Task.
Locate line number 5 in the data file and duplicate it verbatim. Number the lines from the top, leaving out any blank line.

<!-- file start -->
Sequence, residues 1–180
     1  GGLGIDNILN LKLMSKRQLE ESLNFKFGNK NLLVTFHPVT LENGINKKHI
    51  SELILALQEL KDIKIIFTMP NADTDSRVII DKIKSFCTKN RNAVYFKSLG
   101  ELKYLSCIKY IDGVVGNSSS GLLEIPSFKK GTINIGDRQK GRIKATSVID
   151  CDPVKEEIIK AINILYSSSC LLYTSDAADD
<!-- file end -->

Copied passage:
   151  CDPVKEEIIK AINILYSSSC LLYTSDAADD